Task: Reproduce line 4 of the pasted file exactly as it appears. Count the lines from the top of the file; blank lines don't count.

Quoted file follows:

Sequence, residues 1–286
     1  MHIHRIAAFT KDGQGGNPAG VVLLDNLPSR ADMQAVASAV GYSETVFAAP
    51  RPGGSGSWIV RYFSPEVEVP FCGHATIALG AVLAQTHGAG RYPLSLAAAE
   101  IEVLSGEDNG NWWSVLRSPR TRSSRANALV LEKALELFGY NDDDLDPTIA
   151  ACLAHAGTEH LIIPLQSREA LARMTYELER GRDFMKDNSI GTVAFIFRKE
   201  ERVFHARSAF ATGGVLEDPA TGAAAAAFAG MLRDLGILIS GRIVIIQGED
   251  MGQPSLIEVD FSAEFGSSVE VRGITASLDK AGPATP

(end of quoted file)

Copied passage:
   101  IEVLSGEDNG NWWSVLRSPR TRSSRANALV LEKALELFGY NDDDLDPTIA